It was in December 2007 that 67-year-old Sarah McGinty was taken into the Vale of Leven Hospital having suffered a stroke.
She was recovering from partial paralysis, and could not be discharged until her medical needs had been assessed.
While in the hospital, Mrs McGinty contracted the deadly Clostridium difficile (C.diff) bug.
The pensioner's family, including her daughter Helen McGinty, watched as she slowly deteriorate and died.
Here, Ms McGinty tells her mother's story.
"My mum was a happy-go-lucky wee woman. She loved her gardening, she loved her wee house, she loved her dog and her family. She did like life."
Mrs McGinty spent six weeks at the Vale of Leven Hospital after suffering her stroke. Unknown to the family, the hospital had the deadly C.diff bug and in December alone, 11 patients were infected.
While, Mrs McGinty's medical needs were being assessed, she contracted C.diff.
"I told my mum, 'you're coming home to stay with me and I'm going to look after you'.
"It was the first time in those couple of weeks that I'd actually seen a smile come to her face.
Helen McGinty watched her mother Sarah McGinty die in hospital
"She kept saying 'when am I getting home, I want to go home'. And I said: 'Soon, you just need to get better.'
During her time in a general ward, Mrs McGinty had a frequent visitor who had C.diff.
"There was this woman who had senile dementia and she was always over at my mum. She was touching her, kissing her, taking her socks off, covering her up and taking the blankets off.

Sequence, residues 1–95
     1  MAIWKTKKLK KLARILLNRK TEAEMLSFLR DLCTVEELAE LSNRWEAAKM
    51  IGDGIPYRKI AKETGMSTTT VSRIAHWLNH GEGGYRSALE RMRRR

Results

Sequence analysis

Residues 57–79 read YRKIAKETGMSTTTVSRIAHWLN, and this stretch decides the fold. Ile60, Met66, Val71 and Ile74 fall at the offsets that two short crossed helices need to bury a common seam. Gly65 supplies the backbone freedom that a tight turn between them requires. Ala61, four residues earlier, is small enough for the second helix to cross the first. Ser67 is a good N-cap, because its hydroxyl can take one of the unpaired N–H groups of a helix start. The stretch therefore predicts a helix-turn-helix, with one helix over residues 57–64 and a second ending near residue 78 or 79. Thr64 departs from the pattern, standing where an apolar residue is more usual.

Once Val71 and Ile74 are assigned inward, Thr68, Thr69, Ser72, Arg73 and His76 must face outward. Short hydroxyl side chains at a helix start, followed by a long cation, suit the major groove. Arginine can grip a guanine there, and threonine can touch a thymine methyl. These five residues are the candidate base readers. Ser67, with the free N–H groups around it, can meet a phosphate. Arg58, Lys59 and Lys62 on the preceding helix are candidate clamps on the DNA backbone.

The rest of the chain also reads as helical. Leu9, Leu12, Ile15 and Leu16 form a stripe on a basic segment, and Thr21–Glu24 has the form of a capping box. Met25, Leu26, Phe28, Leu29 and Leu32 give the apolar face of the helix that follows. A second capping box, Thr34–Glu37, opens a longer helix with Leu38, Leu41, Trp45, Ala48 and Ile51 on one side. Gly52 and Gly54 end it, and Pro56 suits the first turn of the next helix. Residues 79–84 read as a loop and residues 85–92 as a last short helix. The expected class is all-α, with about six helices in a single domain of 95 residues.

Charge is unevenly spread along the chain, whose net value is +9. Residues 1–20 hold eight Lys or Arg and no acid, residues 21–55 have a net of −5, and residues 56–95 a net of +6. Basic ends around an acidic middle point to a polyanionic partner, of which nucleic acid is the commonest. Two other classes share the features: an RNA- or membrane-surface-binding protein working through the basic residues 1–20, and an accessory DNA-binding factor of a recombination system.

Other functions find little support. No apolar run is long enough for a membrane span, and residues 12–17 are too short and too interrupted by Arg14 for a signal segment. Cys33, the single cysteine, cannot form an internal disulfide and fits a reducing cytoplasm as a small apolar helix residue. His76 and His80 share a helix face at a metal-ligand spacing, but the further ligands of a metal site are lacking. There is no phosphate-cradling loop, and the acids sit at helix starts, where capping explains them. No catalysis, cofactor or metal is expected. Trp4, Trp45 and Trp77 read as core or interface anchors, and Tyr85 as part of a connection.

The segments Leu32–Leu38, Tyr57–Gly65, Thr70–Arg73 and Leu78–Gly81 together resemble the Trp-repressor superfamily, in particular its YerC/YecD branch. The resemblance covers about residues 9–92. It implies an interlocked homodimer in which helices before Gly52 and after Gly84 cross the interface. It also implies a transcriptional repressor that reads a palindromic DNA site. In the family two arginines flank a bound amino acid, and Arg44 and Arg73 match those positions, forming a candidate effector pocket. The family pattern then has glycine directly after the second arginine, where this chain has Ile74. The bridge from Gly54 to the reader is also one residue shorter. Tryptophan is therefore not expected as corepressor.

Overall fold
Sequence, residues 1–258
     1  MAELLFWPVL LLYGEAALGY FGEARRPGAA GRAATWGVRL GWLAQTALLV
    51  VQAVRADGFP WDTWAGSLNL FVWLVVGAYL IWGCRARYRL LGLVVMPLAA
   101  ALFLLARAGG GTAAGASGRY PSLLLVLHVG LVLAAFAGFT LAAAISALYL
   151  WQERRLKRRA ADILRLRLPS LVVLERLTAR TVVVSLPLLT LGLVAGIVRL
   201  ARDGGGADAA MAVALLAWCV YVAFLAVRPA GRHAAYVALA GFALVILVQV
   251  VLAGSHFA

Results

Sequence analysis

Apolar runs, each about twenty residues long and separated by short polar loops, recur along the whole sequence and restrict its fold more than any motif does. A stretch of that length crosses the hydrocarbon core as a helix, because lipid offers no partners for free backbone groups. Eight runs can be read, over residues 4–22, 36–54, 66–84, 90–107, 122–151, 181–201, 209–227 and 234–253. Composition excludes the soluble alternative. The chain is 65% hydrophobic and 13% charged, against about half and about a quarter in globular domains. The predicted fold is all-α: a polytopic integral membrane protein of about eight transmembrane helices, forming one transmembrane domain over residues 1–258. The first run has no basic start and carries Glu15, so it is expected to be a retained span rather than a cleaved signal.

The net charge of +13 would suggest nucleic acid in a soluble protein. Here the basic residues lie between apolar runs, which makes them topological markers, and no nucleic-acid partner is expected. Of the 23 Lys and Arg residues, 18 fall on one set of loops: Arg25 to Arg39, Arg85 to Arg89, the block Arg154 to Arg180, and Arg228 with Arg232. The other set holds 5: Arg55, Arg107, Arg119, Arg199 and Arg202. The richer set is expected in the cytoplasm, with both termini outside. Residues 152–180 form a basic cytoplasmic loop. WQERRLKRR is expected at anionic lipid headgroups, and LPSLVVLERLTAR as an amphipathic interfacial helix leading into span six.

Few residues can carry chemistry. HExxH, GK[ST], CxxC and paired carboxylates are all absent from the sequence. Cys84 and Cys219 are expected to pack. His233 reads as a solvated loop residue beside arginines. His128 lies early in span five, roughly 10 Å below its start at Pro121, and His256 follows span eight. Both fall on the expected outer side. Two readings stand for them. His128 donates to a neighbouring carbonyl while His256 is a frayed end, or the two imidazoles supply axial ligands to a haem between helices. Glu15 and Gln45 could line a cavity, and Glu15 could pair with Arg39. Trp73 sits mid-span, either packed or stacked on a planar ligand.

"At one point she was actually found in bed with my mum."
When Mrs McGinty was diagnosed with C.diff she was moved from the general ward into a single room where her condition worsened.
"She kept making these horrible noises, all I wanted to do was get her out of that bed and cuddle her and tell her to hang on, but she was just too tired.
"It was one of the hardest things to watch and it's something I would never want anyone else to go through again.
"That is the last memory I've got of my mum - is watching her die.
"We were going to make the rest of my mum's life comfortable. She was going to be ok, it wasn't a problem for us.
"We didn't have a chance to take her home - all we are left with are the memories of my mum and the bad memories of the week she died."
Helen McGinty has, along with the relatives of other dead patients, demanded a public inquiry to unearth what happened to their loved ones.
"I want the truth as to why my mum died, along with so many other people.
"It's quite shocking knowing we are not the only ones suffering. If it had been caught at the beginning, my mum and others would be alive today."